Raleigh, N.C. — Independence Day held special meaning for 30 people who took the oath to become American citizens during a naturalization ceremony Thursday on the State Capitol grounds.
The ceremony was the culmination of a long journey for the newly minted citizens, who came from 23 countries to call the United States their new home.
“I came here and I love it. I got two kids,” said Marco Garcia, who moved to the U.S. seven years ago after meeting his wife in his native Ecuador.
Some struggled more than others to get here.
Marc Monace escaped persecution in Haiti after the 1994 coup that removed President Jean-Bertrand Aristide from office. Monace’s father was in politics.
“I think 90 percent of his friends were either killed or tortured, and as a result, we were granted refuge to the U.S.,” Monace said.
Members of Uniting NC, a nonprofit that works to promote positive relations between foreign-born and U.S.-born Americans, attended the ceremony to welcome the new citizens.
“Welcoming new immigrants is really what America is about,” said Dan Rearick of Uniting NC. “I think it’s a core American value, and I thing that’s a part of what July Fourth is all about.”
Manoj Bhatia, who moved to the U.S. from India, was assigned seat No. 13 during the ceremony.
“Lucky 13 – It’s been a good number for me,” he said. "Even though I was born somewhere else, I'm more part of America right now."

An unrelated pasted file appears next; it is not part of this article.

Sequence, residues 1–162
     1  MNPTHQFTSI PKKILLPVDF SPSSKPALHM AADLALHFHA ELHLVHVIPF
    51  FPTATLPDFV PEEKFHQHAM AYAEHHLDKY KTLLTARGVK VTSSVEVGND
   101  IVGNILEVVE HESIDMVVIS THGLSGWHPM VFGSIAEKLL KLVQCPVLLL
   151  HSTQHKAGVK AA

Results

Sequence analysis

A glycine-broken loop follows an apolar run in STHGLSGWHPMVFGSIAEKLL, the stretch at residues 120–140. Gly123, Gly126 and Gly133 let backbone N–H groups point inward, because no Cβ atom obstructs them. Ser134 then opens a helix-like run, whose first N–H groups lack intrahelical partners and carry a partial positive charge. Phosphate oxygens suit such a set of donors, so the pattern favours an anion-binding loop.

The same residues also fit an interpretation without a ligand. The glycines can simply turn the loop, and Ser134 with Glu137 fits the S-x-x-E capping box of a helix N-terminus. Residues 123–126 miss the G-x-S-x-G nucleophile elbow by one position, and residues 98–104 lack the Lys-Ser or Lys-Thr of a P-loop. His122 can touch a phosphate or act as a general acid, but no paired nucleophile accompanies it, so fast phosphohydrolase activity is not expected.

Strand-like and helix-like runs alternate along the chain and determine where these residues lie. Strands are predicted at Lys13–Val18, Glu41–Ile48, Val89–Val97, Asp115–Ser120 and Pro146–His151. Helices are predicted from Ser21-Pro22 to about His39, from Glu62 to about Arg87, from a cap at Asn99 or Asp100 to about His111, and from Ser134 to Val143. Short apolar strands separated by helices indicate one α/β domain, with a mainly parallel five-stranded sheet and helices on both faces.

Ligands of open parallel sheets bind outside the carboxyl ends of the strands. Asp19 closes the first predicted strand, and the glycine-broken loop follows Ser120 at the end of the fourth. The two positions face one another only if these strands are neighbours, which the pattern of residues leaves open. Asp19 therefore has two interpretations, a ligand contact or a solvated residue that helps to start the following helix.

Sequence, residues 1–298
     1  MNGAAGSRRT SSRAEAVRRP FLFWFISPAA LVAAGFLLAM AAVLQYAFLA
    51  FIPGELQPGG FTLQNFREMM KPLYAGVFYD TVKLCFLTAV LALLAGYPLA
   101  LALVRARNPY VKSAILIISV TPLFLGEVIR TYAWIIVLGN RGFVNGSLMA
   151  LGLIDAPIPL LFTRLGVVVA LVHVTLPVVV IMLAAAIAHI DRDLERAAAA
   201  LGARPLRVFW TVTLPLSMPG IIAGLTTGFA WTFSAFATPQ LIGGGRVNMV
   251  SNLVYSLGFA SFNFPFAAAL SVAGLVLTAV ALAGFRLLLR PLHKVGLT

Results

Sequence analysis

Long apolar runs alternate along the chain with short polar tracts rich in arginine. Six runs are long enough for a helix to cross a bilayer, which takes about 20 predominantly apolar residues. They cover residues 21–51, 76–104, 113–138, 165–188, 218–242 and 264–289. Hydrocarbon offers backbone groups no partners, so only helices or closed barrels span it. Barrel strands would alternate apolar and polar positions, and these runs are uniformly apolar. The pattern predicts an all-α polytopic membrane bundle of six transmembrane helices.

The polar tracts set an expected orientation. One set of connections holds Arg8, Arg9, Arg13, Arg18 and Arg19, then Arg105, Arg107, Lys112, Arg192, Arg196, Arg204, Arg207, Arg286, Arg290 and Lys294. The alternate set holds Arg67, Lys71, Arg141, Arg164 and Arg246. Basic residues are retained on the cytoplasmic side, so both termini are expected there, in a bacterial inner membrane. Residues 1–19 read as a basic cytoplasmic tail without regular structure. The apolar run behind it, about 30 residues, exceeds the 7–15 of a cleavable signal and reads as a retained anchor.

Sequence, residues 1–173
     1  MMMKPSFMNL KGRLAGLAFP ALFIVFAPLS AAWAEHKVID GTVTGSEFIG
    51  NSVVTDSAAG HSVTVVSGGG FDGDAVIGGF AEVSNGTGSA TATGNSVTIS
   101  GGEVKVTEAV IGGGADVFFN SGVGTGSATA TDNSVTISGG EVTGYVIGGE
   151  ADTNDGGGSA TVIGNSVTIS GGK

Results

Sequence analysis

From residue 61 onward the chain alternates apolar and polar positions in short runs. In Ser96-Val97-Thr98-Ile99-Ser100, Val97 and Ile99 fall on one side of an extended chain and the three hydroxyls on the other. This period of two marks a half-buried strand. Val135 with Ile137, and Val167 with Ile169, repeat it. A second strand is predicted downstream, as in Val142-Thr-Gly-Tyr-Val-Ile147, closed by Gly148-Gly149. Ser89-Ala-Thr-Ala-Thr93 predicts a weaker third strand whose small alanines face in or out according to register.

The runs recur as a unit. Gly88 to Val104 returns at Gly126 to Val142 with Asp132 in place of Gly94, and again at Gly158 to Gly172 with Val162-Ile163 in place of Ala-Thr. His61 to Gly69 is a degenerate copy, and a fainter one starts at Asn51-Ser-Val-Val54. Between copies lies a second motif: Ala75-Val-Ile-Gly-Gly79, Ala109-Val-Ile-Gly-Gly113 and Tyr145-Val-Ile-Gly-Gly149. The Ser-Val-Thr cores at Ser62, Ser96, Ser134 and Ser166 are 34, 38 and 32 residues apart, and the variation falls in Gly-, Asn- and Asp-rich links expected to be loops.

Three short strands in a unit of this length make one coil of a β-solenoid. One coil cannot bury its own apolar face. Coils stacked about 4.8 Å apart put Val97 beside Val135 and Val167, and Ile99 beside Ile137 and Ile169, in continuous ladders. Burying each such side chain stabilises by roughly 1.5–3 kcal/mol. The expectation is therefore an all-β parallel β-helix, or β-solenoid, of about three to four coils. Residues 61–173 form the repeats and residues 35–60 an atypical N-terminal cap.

Taking the oath on the Fourth of July "couldn't have come on a better day," he said.
It's a day his wife, Shelley Bhatia, had been waiting for.
“Well, for one, we can travel together without him going through the other line,” she said.
Manoj Bhatia graduated in 2003 from North Carolina State University and now works as a project manager at Red Hat. He and wife met as undergraduates, and they now have two children.
"He's as much an American as any other guy," Shelley Bhatia said. "He's a big sports fanatic. NC State is his life. Football, basketball, any sport you can imagine – he loves it."
Shelley is a first-generation American who was born and raised in Fayetteville. For her father, Rajan Fhamdasani, this ceremony brings back memories.
“I remember the day I became a citizen - very, very emotional,” he said. “Once you’re naturalized, this is the end of your journey.”